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Topic: 1-bit chainable shift registers? (Read 1 time) previous topic - next topic

bluebie

I'm looking to make very light-weight flexible tubes of individually addressable LEDs. Running wires for each LED would obscure light and make it rigid and heavy, so I am hoping to build a bunch of tiny PCBs with a circuit which acts as a chain able 1-bit shift register, so I can wire together any number of the boards with just a few flexible wires, then shift out new colour states to each of the LEDs.

Is there anything like this? I've been googling for hours, but the few things I have found, I don't understand.

Also, it's a portable application, so power efficiency is important, as well as using small components.

Thanks for your help.  :smiley-roll-sweat:

Graynomad

There are plenty of daisy-chainable shift regs with current-limited outputs, for example TLC5916 and TLC5926.

But can't you just buy one of the LED strips with the WS2801 chips built in?
______
Rob
Rob Gray aka the GRAYnomad www.robgray.com

CrossRoads

Sounds like you're trying to recreate these?

http://adafruit.com/products/306
http://www.sparkfun.com/products/10312

http://www.lstronic-led.com/e_products/?big_id=3
Designing & building electrical circuits for over 25 years. Check out the ATMega1284P based Bobuino and other '328P & '1284P creations & offerings at  www.crossroadsfencing.com/BobuinoRev17.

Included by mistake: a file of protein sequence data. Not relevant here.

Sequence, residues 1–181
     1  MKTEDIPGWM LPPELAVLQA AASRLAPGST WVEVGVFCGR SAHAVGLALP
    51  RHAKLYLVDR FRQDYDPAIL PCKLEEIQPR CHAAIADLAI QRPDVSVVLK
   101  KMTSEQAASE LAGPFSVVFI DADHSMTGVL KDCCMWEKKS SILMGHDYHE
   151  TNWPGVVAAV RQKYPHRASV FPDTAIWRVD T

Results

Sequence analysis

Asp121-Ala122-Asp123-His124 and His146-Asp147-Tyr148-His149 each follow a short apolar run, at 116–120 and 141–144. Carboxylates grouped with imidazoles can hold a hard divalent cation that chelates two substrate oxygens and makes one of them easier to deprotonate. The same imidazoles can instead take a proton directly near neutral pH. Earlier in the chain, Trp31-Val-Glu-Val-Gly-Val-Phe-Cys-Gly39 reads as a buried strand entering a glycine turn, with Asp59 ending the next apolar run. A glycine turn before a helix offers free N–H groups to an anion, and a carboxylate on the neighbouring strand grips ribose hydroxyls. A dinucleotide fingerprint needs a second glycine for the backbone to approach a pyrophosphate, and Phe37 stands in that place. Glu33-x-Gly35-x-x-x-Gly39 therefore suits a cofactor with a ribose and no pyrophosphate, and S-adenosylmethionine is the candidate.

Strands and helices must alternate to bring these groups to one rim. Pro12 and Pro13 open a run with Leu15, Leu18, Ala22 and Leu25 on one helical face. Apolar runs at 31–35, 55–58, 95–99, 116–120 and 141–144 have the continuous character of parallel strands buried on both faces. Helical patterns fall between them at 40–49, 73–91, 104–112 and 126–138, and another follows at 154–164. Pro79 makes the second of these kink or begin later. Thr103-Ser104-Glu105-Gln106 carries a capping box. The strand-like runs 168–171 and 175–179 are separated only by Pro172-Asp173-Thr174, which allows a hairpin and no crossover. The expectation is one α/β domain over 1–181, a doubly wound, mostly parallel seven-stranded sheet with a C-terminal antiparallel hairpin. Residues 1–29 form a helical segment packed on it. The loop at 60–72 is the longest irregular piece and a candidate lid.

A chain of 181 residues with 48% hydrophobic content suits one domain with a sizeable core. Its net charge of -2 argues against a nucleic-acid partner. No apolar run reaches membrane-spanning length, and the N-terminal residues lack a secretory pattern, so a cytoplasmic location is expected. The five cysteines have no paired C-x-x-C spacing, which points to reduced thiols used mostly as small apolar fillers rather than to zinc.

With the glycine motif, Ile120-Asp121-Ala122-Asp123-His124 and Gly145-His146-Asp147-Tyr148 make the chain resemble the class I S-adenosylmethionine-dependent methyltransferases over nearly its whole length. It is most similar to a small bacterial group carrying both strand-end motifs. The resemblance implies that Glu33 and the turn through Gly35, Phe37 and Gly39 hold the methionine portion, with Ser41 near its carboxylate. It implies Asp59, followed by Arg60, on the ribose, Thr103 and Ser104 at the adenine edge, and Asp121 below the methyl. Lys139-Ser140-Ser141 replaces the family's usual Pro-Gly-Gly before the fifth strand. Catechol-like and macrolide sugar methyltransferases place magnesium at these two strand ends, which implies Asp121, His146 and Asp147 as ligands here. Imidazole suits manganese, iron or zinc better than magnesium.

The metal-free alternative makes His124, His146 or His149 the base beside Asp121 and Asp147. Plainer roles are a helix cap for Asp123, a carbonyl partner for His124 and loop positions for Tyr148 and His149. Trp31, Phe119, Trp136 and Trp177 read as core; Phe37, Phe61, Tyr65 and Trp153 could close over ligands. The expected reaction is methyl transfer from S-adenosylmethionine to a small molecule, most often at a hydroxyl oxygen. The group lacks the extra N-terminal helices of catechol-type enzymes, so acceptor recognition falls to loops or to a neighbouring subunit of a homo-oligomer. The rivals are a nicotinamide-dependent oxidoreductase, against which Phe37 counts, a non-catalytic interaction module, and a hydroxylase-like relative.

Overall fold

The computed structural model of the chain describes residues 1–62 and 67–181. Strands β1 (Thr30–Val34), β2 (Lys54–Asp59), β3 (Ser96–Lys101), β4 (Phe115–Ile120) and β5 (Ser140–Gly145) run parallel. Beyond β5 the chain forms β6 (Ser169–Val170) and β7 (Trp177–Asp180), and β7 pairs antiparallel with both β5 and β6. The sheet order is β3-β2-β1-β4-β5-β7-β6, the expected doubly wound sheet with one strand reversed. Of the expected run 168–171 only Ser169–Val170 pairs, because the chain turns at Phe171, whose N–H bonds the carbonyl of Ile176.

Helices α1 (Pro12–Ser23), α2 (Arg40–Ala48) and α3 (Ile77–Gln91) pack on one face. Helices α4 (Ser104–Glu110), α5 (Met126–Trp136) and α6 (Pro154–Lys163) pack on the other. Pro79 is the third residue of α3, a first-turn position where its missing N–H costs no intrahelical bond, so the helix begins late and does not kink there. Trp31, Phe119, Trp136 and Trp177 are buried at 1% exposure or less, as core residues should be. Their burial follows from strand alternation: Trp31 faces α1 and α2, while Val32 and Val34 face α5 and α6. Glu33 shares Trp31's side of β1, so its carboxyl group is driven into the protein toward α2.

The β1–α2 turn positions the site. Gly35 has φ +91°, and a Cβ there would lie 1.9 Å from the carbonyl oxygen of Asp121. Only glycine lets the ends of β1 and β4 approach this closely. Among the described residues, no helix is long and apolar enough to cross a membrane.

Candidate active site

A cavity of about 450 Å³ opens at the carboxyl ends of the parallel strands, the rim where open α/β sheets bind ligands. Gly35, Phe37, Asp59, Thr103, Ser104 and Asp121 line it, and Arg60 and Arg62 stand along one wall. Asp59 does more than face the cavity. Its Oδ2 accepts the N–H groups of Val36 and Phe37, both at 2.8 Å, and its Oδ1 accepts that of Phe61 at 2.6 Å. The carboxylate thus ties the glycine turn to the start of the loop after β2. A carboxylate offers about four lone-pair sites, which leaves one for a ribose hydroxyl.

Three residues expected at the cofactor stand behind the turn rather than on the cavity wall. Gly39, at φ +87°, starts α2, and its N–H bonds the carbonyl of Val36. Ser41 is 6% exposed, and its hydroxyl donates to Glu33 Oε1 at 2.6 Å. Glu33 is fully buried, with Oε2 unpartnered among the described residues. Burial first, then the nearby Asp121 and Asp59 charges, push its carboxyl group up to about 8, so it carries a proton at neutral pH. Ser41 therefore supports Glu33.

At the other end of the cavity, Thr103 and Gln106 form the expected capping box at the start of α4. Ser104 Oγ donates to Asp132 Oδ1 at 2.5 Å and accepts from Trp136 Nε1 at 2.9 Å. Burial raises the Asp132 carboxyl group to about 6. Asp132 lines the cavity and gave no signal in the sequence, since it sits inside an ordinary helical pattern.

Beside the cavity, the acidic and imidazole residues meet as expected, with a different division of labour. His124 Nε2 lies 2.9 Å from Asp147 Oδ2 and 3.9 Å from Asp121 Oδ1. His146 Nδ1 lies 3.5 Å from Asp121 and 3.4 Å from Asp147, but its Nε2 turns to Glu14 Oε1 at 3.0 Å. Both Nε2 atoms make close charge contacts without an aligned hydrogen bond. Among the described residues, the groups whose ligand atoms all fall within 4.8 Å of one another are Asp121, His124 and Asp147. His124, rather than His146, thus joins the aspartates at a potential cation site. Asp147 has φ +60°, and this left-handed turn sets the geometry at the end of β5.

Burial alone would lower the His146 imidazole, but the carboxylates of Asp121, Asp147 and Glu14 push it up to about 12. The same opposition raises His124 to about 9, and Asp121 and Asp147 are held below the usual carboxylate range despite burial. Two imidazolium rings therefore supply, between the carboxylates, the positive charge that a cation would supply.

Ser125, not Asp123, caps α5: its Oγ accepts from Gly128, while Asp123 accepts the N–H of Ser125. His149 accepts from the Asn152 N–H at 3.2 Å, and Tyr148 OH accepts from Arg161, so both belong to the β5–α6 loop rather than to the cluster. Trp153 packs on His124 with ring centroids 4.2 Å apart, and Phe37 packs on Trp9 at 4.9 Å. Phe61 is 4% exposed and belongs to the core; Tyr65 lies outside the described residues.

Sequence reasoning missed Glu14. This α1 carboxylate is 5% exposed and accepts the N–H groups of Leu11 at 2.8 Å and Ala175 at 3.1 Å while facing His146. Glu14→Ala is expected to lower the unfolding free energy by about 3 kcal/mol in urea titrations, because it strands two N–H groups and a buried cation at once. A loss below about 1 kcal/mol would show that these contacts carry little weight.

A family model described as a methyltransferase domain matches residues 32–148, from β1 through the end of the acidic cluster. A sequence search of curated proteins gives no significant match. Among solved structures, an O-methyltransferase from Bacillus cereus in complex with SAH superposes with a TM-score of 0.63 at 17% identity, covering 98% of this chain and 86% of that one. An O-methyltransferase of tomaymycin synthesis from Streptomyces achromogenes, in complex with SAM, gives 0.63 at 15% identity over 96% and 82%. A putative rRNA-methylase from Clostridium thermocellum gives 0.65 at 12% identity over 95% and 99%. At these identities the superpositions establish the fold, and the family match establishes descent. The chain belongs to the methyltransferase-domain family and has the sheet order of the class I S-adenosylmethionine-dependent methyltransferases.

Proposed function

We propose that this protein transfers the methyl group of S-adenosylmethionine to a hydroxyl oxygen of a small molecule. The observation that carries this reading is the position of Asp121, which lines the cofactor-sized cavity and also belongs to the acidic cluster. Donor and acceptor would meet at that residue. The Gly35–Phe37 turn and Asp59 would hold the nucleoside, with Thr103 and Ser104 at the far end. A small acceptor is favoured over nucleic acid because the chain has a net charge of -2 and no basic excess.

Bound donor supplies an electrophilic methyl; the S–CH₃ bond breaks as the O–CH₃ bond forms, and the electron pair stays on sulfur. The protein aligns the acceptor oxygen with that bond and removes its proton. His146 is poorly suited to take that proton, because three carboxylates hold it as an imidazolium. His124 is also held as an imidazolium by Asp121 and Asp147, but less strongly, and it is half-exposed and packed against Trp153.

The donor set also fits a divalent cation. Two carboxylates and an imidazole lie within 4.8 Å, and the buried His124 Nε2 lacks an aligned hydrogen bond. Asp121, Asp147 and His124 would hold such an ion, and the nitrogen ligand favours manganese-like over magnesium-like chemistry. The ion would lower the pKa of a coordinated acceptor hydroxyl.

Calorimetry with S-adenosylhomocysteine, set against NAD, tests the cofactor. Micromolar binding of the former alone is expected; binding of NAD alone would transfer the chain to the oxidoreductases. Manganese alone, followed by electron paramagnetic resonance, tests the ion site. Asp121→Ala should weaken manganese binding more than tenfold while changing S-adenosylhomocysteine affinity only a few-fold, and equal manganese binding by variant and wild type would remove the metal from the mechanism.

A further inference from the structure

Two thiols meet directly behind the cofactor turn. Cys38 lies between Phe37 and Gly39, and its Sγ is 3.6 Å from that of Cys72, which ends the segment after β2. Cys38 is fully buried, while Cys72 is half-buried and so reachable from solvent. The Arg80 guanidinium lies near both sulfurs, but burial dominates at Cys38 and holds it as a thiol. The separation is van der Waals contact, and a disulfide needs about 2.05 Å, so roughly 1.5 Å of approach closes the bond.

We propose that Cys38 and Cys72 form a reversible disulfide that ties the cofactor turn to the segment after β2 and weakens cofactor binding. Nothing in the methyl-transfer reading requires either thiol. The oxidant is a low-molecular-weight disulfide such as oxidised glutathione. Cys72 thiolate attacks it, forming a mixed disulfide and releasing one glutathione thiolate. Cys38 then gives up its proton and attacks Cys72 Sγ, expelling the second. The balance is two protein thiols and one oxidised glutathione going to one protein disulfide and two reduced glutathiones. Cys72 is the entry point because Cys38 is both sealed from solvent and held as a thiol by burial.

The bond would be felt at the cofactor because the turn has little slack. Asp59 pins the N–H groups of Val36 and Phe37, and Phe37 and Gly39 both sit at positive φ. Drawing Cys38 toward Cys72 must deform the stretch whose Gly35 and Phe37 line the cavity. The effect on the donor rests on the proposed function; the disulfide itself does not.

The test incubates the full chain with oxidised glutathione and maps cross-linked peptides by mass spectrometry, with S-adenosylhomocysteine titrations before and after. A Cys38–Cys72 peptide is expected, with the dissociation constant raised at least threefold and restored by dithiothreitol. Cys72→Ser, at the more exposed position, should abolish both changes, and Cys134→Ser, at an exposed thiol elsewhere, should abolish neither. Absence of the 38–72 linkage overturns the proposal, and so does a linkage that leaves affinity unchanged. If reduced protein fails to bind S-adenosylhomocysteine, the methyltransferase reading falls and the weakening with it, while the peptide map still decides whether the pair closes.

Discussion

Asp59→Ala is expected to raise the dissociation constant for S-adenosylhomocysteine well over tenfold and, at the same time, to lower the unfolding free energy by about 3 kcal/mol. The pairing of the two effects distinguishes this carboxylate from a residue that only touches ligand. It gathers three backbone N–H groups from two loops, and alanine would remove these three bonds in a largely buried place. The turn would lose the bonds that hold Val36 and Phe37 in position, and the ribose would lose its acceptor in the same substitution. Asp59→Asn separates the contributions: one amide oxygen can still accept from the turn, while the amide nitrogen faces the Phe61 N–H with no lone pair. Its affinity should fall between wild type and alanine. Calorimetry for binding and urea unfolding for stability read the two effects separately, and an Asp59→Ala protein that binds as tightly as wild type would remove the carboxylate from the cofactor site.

Arduino for Teens available at Amazon.com.

bluebie

Thanks for the replies, but these chips look to be 8-bit and 16-channel respectively, which would mean clocking out a whole lot of useless information just to turn a digital light on or off. I've played with LED strips, but couldn't find any which are suitably flexible in two axis (most just flex on one axis, as they're a flat strip). I also played with 'led pixels' - strings of lights with lpd6803 15-bit rgb lights. These are flexible enough, but require the controller output clock signal even when there are no updates to keep the pwm going, and all the preformed led pixels I could find were quite large - wouldn't really work in the sort of small tube I'm hoping to build, and all of them required 5 or 12 volts, which would mean including a boost converter as well, making a portable (wearable) project even heavier than it needs be, while probably wasting that extra power in resistors to convert the power back down to something suitable for the LEDs.

RGB and PWM are totally unnecessary, and I'd rather keep costs down, unless 3-channel drivers really are the only way to reasonably do this - I can probably get away with sending dummy data to pad things out if need be, but it just seems so wasteful.

What I'm most ideally looking for is essentially just one single stage of a parallel shift register. I saw some stuff about astable something or other flip flop things, but I don't understand any of it. I've only just gotten my head around PNP and NPN transistors, and most of the articles talking about these things don't seem to use terribly googlable phrases or be that helpful towards beginners. If someone could enlighten me on how these things work, that would be wonderfully helpful. :)

Graynomad

#4